Friday, February 23, 2007

5 Senses

To get into the SPS way of doing things, you need to learn SPS thinking. Instead of just using a verbal or written means to communicate spiritual truths and insights, use all five senses. This allows you to think about everyday things in a new way, trigger memories you may have forgotten or communicate things that are hard to put into words. Let's take an example.

When I say the word SUNSHINE, you all know what I'm talking about. But each of you would describe it differently. Everything about SUNSHINE for me has to do with all our great family trips to Florida when I was a kid.


What does SUNSHINE LOOK like?
You wake up from dozing off on the warm sand. You open your eyes and you're blinded by the bright, white sun. For several moments, all you can see are white dots. You wait for your eyes to adjust, walk down to the water to cool off and do it all again.

What does SUNSHINE TASTE like?
Salt, of course. But not just salt. A mouth full of ocean also has a tang algae. The flavor lingers on the back of your tongue and it's hard to wash away except with an icy cold Coke.

What does SUNSHINE FEEL like?
Ever had sand under the elastic of your swimsuit? While you're in that suit, you just have to live with it because nothing will get rid of the minuscule rubbing grit that is everywhere. Also, have you ever stood at the shore and looked straight down at your feet as the waves come in and out? It always gave me this dizzy feeling.

What does SUNSHINE SMELL like?
For the length of my existence everything Florida, vacation, ocean, beach, and getaway will smell like coconut oil. I love it! And Piña Coladas.

What does SUNSHINE SOUND like?
It's a rhythm with a beat and measure. Hypnotic and soothing. The ocean waves lapping on the shore play my favorite song for naps and relaxation.

Using SPS thinking, how do you describe SUNSHINE?

Tuesday, February 06, 2007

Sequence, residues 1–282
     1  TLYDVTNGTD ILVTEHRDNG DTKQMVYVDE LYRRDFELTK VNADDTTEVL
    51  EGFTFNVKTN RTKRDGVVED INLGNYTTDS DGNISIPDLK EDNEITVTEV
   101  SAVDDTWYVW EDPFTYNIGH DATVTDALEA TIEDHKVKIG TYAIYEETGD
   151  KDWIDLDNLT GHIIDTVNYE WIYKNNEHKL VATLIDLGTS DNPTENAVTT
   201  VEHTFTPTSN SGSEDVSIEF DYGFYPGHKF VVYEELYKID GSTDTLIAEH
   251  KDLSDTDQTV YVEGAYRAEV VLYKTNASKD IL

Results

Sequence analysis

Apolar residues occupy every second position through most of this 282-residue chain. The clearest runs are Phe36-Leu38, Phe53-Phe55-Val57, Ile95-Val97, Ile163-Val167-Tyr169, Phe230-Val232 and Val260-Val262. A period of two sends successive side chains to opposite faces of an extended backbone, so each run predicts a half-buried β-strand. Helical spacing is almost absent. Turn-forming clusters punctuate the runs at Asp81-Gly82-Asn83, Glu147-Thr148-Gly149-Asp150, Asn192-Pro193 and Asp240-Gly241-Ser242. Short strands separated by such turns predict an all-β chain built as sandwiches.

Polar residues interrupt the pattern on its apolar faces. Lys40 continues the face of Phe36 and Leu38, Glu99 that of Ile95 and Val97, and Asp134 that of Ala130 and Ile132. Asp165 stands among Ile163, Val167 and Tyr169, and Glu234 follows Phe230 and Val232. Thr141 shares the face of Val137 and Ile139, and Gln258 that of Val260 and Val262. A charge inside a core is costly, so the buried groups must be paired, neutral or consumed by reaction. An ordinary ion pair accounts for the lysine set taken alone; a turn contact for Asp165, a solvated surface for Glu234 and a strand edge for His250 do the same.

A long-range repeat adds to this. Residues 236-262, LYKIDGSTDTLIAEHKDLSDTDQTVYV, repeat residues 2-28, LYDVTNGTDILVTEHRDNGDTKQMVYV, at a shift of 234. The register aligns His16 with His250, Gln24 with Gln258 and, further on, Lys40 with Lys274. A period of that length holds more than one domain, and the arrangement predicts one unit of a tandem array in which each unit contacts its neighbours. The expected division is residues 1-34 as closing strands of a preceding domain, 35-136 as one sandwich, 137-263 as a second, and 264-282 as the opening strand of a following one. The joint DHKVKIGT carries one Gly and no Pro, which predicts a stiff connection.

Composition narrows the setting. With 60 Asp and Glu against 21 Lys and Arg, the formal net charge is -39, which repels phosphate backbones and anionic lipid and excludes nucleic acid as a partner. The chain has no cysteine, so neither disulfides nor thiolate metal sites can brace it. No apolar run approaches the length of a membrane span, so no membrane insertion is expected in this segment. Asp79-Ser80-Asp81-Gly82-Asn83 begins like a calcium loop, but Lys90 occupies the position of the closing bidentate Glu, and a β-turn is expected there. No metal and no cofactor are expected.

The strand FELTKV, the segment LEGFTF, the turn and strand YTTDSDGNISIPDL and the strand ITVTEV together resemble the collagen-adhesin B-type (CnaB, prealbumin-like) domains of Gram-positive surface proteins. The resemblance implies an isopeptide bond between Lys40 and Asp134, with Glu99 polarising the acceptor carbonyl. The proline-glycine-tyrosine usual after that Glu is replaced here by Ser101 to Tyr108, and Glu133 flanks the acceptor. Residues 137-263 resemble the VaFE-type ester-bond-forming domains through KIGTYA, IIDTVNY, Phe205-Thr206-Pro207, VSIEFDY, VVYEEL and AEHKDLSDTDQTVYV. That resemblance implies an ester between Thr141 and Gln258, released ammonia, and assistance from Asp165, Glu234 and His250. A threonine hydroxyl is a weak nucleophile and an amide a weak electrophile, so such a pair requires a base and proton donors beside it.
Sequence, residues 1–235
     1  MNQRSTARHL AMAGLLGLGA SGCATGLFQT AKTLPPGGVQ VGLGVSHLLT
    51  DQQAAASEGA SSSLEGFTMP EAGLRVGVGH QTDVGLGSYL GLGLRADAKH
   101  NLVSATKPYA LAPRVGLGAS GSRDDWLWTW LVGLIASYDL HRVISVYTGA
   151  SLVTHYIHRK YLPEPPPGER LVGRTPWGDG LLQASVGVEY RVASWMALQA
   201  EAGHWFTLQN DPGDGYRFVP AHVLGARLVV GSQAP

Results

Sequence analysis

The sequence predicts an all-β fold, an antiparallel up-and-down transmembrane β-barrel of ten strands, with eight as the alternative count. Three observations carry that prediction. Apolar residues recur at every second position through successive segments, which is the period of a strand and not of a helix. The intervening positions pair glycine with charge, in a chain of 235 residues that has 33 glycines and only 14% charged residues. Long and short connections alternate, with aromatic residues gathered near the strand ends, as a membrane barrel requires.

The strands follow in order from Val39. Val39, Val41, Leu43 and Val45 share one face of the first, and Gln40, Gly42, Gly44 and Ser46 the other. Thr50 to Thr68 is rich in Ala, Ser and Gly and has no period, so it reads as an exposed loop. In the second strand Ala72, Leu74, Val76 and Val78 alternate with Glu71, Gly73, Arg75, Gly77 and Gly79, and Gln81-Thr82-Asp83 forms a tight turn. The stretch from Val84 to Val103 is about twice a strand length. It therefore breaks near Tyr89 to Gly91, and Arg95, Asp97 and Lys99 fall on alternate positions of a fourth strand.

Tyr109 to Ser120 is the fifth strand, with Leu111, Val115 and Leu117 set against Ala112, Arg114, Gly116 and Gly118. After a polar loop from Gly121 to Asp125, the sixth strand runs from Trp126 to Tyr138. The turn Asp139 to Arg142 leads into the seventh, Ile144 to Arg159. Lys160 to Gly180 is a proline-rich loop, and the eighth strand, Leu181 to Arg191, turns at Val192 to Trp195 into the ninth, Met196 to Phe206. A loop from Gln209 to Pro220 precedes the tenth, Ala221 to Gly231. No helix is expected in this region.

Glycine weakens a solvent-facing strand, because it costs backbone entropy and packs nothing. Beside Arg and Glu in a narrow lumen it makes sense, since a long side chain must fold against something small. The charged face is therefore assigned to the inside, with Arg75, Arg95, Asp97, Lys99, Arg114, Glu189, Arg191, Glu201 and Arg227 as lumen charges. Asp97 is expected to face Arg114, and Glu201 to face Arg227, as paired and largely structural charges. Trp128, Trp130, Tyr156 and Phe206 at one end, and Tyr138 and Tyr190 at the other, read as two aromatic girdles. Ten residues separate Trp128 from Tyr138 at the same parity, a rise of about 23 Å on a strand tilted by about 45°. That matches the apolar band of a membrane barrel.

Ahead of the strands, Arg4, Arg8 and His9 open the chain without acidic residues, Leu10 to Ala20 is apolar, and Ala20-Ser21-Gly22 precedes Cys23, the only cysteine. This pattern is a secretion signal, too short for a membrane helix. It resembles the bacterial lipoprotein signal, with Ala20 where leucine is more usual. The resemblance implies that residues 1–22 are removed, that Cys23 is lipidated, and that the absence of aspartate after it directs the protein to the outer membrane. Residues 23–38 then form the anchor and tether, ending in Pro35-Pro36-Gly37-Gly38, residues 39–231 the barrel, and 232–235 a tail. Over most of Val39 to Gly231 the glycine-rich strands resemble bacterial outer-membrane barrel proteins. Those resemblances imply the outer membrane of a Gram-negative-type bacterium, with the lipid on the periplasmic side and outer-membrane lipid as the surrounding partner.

Chicken Wing Confession

wingsOn Wednesday there were big predictions for snow, sleet and freezing rain for the next day. Before a single flake had fallen, the hyperactive schools were already issuing closings and the power company started running their public service announcements on what to do if you have a power outage. The hype was big. There was definitely a steady snow the next morning and the excitement was climbing.

Considering the very warm winter we've been having, everybody wanted to see some real winter weather – even my boss. He announced that he was taking everybody to lunch and then we'd probably be heading home. The temperature was dropping and the sleet had started.

There were about fourteen of us at lunch. Everybody was in a good mood and talking about what they were going to order. Some jokes were made about how I would order chicken wings and then eat only two of them. It was true. The boss usually ordered appetizers all around and I would fill up on cheese fries and then not be able to eat my wings.

When I go out for lunch I always think about leftovers. It's a habit I got into years ago when I did WeighDown. I also think about My Geek and what we're having for dinner or lunch the next day. Since I was going to have leftovers anyway, I decided this time to order 25 wings instead of the smallest order of ten, that way I knew there would be plenty to take home. I told the waitress, "Go ahead and bring a to go box. I'll take the rest home for dinner."

The moment that sinful mound of food was placed in front of me I had a terrible realization. My boss was paying for everybody's lunch and I just announced that I was going to double my order so I could take home dinner! And my boss was sitting next to me. My intention was not to take advantage of his generosity but that certainly looked and sounded like what I was doing.

I had no idea what I was going to fix this situation. I had already eaten my fill of cheese fries and, sure enough, after about two chicken wings, I was full. But the only solution I could think of was to eat all the chicken wings. As I was digging in, I noticed one of my coworkers staring at the wings and then at me. That made me feel even worse – he also caught on that I was taking advantage of the company. I was stuffed so I relented after four wings and had the remaining ones packed up to take back to the office.

My guilt and embarrassment was getting worse and I still thought I needed to eat these wings before the workday was over. I started my "snack" time about 30 minutes after getting back to the office, making sure to eat whenever anyone came to use the copier next to my office so that they could see I was eating what I had ordered. Believe it or not, it took me a long time to come to the realization that I was making myself sick and I needed to run to the bank, get some cash and make things right with my boss.

I told him that I was embarrassed for splurging at lunch but hadn't intended on taking advantage of his generosity. I always order extra for dinner and I just wasn't thinking. He just laughed and told me that he didn't even notice and not to think twice about it. He made a point of thanking me for saying something to him and to "enjoy." It was tough to go in there and confess but it wasn't nearly as difficult as trying to eat 25 chicken wings. I called home to check-in. When we discussed dinner I said, "I'm full but you’re having chicken wings."